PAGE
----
Available Now! (click cover)

America's Counter-Revolution
The Constitution Revisited

From the back cover:

This book challenges the assumption that the Constitution was a landmark in the struggle for liberty. Instead, Sheldon Richman argues, it was the product of a counter-revolution, a setback for the radicalism represented by America’s break with the British empire. Drawing on careful, credible historical scholarship and contemporary political analysis, Richman suggests that this counter-revolution was the work of conservatives who sought a nation of “power, consequence, and grandeur.” America’s Counter-Revolution makes a persuasive case that the Constitution was a victory not for liberty but for the agendas and interests of a militaristic, aristocratic, privilege-seeking ruling class.

Friday, August 17, 2007

The Natural Right of Property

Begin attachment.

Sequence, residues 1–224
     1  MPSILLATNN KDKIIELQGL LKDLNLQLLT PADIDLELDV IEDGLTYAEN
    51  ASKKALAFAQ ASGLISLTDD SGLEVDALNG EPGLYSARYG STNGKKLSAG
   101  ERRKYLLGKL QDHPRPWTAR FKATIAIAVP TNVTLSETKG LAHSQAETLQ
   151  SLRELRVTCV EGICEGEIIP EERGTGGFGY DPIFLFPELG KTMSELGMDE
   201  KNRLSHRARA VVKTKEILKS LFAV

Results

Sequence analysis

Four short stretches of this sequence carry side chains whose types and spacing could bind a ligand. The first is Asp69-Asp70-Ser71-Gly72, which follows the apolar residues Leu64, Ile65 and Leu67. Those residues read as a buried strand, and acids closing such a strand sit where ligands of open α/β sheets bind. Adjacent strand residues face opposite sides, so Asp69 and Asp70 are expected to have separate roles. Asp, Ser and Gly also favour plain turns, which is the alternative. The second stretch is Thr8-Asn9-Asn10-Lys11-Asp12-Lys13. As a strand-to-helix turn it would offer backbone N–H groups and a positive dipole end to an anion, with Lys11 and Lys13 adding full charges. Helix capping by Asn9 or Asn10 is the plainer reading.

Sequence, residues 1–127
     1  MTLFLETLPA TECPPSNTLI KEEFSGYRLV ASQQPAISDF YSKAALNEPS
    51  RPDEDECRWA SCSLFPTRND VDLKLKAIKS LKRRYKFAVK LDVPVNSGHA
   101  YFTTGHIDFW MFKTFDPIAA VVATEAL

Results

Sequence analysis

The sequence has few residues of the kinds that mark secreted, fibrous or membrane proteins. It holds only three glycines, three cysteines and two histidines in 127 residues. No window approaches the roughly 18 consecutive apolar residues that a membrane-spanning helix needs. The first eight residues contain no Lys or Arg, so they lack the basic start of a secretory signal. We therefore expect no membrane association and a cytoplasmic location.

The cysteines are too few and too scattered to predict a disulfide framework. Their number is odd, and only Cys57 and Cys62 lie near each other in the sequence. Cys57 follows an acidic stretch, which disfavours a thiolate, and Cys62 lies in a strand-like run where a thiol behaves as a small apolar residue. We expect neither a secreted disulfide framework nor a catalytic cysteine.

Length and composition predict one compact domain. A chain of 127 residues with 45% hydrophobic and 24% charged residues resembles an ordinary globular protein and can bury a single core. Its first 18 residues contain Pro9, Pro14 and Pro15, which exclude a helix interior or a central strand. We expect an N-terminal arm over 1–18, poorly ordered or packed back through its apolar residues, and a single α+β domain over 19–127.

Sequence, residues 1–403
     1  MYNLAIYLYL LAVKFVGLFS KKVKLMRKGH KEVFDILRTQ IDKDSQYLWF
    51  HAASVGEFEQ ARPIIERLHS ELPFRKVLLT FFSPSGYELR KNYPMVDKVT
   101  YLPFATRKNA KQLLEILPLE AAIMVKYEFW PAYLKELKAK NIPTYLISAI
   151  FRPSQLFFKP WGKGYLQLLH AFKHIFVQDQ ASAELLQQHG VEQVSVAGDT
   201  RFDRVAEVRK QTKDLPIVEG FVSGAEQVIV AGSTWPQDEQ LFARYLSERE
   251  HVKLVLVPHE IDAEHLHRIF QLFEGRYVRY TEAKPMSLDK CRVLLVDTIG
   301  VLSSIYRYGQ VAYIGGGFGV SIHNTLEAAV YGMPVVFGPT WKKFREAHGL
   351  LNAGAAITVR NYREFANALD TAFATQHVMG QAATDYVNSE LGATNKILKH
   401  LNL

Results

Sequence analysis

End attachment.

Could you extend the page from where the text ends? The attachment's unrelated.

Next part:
Thomas Hodgskin (1787-1869), the English economics writer I discussed last week, is an enigma -- until his philosophy is seen in its entirety. He was an editor at The Economist of London from 1846 to 1855, during the period author Scott Gordon called "the high tide of laissez faire," yet he is considered a Ricardian socialist, was "quoted and deferred to by Marx [and] described by Sidney and Beatrice Webb as Marx's master." How could any libertarian claim Hodgskin as a mentor?
The rest of this week's TGIF, "The Natural Right of Property," is at the Foundation for Economic Education website.

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